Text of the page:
Pencil sketch first and then applied watercolor.  After dry I went over some areas with the Microns.

It was a real joy working on this Arches watercolor paper.  


Thursday, February 5, 2015

Squirrel Watcher

Funny but this sketch and subject behind it brings to mind the Song "Girl Watcher" and the tune has been stuck in my head all day.

In my last post I shared where I had taken a course by Marc Taro Holmes - Sketching People in Motion.  In addition to that course, I decided to take another called Picture Book Illustration - Animal Characters with Eric Johnson.  His course is using mixed media to create story book characters for children.

Taking a little bit from each course, I decided to do this sketch of Miya and her favorite outdoor past time..............watching squirrels.  The position I captured her in is her normal stance every time she goes out back.  There's one squirrel that will come within a foot or so from her and they will stare at one another for what seems like forever.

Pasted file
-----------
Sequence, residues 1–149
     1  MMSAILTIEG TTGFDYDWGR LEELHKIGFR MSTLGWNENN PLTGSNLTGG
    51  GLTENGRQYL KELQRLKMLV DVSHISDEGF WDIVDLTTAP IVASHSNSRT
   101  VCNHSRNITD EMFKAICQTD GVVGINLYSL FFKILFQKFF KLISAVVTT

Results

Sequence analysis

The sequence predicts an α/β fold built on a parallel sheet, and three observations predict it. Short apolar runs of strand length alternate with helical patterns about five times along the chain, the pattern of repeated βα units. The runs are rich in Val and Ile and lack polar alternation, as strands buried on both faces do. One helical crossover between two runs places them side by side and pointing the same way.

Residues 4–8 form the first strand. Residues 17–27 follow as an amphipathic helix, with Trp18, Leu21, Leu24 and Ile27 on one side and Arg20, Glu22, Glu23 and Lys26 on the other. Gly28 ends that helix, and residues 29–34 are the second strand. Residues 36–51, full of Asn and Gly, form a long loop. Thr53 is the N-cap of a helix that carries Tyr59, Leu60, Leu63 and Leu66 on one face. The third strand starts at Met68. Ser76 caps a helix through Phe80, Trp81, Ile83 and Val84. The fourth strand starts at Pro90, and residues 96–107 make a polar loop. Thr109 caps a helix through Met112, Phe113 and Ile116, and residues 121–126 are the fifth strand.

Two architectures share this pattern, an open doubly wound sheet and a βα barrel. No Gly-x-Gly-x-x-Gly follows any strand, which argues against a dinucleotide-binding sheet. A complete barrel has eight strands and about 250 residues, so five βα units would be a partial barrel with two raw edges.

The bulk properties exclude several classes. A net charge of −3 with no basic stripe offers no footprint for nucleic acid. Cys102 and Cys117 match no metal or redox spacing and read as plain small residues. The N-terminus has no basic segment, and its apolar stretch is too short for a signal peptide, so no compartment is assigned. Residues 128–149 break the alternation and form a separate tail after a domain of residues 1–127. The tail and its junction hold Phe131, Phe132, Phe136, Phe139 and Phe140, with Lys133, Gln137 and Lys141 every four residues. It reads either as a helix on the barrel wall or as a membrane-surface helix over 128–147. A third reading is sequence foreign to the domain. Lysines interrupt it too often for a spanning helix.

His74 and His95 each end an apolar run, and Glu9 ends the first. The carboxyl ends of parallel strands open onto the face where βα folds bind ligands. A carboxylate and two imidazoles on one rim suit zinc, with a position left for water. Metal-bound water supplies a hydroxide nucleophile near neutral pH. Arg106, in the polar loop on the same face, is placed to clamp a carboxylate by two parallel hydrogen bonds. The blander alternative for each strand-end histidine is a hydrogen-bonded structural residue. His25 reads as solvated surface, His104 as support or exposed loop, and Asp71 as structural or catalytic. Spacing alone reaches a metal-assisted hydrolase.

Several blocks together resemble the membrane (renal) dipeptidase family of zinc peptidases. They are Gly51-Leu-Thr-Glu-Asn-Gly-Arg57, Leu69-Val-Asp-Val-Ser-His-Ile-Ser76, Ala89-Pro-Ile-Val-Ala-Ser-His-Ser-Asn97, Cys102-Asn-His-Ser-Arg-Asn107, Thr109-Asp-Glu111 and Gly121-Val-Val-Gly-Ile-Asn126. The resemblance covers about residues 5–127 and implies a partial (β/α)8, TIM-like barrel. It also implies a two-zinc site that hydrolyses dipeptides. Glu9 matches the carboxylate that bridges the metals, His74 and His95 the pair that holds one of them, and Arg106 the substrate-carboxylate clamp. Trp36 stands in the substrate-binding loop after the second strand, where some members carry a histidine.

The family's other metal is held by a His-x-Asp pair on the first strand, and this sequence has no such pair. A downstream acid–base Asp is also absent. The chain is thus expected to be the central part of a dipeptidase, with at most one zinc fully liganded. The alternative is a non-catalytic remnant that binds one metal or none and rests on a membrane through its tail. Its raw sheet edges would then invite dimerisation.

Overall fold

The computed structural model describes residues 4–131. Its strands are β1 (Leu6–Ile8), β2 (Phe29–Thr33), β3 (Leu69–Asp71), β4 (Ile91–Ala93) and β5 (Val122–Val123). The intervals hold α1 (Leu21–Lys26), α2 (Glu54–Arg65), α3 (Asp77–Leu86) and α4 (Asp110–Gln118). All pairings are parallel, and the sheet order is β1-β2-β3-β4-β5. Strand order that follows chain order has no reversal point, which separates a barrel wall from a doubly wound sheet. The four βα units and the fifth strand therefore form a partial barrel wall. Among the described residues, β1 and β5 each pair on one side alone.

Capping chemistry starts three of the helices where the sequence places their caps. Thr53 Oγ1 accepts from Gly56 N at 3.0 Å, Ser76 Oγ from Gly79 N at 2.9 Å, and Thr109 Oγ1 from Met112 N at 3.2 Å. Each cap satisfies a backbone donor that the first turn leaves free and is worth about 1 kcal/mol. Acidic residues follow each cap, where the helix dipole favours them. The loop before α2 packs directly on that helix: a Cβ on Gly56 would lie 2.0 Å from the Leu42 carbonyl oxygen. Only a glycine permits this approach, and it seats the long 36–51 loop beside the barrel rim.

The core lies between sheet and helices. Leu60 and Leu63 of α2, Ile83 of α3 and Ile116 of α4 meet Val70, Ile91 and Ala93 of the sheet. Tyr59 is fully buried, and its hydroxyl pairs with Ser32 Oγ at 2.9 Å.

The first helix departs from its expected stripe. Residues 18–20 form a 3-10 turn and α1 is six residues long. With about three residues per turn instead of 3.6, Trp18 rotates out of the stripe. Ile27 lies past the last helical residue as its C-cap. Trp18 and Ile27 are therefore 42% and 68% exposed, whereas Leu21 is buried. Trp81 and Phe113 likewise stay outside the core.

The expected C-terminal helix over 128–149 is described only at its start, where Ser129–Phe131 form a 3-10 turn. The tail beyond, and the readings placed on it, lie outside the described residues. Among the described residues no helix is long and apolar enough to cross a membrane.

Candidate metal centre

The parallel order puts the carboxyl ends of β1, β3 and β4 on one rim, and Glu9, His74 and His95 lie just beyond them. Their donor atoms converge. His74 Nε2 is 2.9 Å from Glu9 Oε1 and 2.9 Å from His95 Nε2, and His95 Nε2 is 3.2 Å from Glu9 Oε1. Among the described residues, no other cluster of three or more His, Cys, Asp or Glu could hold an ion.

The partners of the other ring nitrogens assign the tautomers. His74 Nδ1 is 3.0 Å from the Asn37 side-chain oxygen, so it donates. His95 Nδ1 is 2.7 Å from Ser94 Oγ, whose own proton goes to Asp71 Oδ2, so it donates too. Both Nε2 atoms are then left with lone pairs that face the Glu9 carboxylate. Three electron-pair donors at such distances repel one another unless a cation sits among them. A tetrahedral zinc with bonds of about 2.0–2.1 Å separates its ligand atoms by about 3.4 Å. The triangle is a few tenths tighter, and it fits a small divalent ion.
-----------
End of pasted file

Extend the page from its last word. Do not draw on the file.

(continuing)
Here are the steps I chose to use for this quick sketch......

Quick pencil sketch using a 2H pencil.  Sketched in the Strathmore Soft Cover sketchbook.


Unsure of just what I wanted to do, I decided to scan and print off on inkjet paper where I worked my next step adding ink using a Micron 005.


 I scanned a second time, printing off on another sheet of paper and worked a layer of watercolor using W&N watercolors.  This proved to be a bit challenging due to the paper buckling on me but it worked out OK. 


Again I scanned and printed what I had done so far and then took Albrecht Durer watercolor pencils for deeper tones and detailing.   I also used a white fine sharpie marker to add back in some whites.